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Winter Storm Stained Niagara Falls

The Great Lakes churned with waves up to nine meters high over the Christmas weekend, and particularly violent conditions on Lake Erie made for a strange sight, turning the cascading turquoise water over Niagara Falls a murky shade of brown.

Ontario's Ministry of Environment and Climate Change tweeted on Christmas Eve that "the ongoing storm has turned the waters of the falls chocolate brown," attributing the churning brown waters to "debris washed down the Niagara River."

The brief statement is accompanied by an aerial view captured from the live webcam atop the Sheraton Fallsview Hotel, showing a torrent of murky brown water rushing over the falls and into the Lower Niagara River.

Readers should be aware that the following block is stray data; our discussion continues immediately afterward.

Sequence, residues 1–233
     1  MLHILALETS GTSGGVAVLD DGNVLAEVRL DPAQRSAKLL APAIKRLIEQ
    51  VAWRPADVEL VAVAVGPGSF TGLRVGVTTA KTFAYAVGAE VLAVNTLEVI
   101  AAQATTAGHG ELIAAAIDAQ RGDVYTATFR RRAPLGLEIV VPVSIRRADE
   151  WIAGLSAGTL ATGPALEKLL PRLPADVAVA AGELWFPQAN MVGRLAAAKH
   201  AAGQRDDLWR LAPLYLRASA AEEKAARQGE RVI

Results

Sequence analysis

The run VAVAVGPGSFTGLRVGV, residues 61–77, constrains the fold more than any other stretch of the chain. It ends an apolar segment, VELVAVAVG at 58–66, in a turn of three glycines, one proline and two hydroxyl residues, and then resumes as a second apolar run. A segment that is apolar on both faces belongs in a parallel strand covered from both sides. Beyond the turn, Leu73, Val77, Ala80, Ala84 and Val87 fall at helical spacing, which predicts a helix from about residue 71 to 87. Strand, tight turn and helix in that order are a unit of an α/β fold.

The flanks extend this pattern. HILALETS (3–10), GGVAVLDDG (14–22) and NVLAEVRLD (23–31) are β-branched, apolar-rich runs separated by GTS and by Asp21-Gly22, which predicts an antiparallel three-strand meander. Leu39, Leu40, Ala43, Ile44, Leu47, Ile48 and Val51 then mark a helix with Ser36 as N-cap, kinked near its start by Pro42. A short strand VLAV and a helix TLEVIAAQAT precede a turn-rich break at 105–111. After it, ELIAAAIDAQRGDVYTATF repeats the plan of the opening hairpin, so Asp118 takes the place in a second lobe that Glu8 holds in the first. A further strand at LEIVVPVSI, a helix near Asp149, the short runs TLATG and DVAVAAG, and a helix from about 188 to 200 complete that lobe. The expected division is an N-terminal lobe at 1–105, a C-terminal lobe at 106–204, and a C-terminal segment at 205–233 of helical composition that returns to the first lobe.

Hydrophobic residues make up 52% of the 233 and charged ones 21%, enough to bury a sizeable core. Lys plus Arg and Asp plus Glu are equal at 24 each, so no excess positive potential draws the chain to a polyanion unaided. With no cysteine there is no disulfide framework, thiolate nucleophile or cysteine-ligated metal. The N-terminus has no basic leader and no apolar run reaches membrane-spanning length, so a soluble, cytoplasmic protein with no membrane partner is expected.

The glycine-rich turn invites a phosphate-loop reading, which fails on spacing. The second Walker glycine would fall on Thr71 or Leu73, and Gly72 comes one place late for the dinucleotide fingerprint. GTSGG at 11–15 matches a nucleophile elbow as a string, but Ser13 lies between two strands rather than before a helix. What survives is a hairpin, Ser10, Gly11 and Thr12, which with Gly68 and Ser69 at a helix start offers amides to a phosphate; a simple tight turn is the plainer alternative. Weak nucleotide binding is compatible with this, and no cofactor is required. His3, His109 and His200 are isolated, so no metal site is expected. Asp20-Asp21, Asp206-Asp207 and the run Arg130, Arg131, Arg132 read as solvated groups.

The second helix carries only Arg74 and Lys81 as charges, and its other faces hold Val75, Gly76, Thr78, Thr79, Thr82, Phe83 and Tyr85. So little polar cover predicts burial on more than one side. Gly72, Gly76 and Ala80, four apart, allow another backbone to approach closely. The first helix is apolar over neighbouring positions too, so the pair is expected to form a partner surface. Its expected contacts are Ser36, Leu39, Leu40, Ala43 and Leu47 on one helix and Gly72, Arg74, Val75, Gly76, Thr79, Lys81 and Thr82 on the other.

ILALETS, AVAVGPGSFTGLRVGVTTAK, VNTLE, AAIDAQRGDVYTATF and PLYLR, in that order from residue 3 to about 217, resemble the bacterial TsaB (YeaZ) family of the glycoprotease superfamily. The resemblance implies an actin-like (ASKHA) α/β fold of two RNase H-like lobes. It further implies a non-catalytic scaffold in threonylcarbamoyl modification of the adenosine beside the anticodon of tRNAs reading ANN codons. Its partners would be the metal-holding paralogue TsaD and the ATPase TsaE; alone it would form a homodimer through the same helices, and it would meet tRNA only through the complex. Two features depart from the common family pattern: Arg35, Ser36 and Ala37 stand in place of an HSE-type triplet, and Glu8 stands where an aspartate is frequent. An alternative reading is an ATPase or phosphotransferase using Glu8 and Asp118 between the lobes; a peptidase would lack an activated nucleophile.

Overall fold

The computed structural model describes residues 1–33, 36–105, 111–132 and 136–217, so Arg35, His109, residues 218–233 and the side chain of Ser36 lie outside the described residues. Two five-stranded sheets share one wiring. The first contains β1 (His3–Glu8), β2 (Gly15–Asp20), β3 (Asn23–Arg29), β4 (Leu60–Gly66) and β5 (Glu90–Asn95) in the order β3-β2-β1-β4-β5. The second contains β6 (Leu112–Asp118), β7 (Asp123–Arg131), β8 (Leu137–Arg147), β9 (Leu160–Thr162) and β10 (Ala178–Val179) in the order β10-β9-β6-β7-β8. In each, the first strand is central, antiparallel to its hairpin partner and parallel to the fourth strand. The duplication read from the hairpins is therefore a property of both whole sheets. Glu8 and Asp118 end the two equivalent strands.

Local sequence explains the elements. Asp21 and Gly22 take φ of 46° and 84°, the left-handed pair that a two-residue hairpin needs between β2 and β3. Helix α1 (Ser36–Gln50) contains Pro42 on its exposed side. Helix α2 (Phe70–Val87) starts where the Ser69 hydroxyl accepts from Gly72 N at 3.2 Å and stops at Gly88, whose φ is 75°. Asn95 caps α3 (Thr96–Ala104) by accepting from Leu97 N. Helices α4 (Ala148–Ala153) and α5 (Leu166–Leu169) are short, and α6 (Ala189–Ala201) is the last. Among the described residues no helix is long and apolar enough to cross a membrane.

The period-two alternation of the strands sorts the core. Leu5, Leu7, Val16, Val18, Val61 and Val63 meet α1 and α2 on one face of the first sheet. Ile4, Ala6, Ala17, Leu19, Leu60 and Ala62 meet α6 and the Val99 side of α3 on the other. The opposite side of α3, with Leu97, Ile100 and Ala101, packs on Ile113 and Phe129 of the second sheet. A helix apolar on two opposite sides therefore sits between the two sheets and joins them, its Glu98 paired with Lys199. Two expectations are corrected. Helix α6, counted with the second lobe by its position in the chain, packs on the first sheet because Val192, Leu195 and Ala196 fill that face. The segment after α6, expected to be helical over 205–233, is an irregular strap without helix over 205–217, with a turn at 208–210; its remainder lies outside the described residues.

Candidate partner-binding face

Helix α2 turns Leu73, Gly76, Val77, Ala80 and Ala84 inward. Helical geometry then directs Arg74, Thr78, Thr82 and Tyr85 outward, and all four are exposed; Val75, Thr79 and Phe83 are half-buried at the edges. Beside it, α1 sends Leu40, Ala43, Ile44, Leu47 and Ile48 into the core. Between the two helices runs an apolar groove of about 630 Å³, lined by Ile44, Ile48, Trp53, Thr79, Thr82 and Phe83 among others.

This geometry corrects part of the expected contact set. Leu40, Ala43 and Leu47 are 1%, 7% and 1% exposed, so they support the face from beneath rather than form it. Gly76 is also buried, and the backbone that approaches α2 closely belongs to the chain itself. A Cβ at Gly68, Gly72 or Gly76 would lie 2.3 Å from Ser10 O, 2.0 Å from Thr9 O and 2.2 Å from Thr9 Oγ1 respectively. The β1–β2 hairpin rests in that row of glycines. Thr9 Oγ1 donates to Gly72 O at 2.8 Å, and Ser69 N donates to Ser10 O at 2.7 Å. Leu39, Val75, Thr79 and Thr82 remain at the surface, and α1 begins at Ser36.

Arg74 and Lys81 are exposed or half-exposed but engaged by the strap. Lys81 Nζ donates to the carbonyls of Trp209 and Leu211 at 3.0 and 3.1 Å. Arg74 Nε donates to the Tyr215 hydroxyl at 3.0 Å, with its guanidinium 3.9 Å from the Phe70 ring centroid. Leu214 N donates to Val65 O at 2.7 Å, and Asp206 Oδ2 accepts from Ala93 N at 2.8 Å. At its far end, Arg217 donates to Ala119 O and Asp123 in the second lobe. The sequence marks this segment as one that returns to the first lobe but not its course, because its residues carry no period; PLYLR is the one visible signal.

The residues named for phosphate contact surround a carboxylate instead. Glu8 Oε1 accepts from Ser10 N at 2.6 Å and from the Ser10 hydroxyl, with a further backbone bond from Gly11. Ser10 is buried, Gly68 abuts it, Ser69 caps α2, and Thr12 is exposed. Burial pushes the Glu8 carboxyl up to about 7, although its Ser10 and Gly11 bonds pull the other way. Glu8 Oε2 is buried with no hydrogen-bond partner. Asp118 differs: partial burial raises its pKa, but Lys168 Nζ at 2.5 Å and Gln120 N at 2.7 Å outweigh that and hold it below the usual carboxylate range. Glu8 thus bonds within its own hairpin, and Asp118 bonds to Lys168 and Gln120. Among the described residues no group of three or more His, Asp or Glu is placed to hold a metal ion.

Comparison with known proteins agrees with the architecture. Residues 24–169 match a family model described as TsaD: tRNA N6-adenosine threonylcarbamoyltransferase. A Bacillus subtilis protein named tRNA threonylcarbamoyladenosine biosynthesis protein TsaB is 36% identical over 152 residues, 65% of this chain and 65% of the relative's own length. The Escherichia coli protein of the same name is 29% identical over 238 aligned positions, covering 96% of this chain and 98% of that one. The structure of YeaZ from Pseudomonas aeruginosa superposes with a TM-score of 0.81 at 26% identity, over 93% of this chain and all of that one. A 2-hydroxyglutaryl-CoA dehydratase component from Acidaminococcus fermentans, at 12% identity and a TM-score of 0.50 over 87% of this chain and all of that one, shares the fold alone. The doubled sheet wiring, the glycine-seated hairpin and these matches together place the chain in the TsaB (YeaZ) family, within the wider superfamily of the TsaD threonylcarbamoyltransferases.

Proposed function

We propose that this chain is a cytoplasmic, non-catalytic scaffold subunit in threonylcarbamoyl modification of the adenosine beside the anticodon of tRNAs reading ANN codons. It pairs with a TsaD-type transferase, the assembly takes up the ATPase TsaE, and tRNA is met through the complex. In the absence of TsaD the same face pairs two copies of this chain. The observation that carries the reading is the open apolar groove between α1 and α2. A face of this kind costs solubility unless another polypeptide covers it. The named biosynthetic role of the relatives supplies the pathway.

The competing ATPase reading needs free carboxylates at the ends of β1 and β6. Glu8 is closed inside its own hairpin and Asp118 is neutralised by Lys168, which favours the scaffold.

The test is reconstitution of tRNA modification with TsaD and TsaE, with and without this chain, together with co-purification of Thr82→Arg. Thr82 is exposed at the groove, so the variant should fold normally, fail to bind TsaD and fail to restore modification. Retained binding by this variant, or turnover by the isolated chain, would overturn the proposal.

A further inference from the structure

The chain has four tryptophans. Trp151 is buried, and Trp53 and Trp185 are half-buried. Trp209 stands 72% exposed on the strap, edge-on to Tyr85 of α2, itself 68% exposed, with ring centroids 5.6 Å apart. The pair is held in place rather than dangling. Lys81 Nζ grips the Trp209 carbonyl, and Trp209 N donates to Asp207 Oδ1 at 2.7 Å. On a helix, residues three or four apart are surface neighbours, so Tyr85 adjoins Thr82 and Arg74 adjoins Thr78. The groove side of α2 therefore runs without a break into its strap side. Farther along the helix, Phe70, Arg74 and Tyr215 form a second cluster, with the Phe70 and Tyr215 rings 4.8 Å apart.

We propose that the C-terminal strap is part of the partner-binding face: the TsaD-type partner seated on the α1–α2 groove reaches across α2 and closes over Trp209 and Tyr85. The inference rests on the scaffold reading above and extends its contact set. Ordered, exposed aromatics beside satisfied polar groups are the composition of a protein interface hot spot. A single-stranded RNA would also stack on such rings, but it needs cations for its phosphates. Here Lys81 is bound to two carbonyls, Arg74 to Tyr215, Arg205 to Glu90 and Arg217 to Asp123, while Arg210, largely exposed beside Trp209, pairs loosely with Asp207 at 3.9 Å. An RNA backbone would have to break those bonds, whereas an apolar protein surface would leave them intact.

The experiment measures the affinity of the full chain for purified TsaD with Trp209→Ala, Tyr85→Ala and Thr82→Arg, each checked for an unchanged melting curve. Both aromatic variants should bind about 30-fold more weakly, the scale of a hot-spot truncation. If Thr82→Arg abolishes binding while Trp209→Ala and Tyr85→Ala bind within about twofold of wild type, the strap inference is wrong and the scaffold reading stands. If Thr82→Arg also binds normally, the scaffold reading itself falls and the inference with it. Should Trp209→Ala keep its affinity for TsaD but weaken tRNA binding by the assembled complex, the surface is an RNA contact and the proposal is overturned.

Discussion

It was not a short-lived phenomenon, as the brown water persisted for days after the worst of the storm, attracting confused onlookers.

Even on Dec. 28, the Sheraton Fallsview Hotel's webcam shows that the normal turquoise hue of the falls - its intensified blue hue from the rock flour suspended in the water - has not yet returned.

Tourists visiting the natural wonder today will still see a murky shadow spilling over the Niagara Escarpment, but that's not the only remnant of the big storm still visible several days later.

A series of photos show up close the effects of the storm on the American side of the falls, where infrastructure, including overlooks, have been covered in ice.

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